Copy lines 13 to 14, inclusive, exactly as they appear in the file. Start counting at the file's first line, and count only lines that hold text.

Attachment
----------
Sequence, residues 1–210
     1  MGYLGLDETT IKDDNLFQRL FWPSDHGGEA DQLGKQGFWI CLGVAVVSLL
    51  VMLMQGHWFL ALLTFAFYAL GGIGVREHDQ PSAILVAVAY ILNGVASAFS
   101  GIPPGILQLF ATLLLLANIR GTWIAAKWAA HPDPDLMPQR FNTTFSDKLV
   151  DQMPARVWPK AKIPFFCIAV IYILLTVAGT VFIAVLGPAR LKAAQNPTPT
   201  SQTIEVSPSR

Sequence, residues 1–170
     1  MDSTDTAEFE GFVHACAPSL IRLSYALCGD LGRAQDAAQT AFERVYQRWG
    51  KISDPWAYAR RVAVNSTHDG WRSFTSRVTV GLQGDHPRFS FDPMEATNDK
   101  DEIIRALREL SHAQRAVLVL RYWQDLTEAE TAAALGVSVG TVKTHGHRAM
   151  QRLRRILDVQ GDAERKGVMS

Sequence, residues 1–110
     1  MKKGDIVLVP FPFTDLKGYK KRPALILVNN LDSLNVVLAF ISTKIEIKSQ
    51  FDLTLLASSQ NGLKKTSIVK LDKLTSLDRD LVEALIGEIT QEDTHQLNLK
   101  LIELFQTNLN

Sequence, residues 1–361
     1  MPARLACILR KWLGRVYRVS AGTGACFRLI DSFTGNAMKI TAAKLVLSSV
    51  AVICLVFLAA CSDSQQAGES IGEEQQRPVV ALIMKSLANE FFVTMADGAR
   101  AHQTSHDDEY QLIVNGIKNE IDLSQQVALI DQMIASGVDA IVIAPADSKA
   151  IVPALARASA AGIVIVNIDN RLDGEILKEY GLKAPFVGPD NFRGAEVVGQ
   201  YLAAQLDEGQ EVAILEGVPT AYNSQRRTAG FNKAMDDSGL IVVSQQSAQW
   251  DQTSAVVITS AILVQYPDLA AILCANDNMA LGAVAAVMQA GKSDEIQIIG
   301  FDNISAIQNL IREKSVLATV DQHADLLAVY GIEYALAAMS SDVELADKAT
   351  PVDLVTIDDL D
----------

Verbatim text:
     1  MKKGDIVLVP FPFTDLKGYK KRPALILVNN LDSLNVVLAF ISTKIEIKSQ
    51  FDLTLLASSQ NGLKKTSIVK LDKLTSLDRD LVEALIGEIT QEDTHQLNLK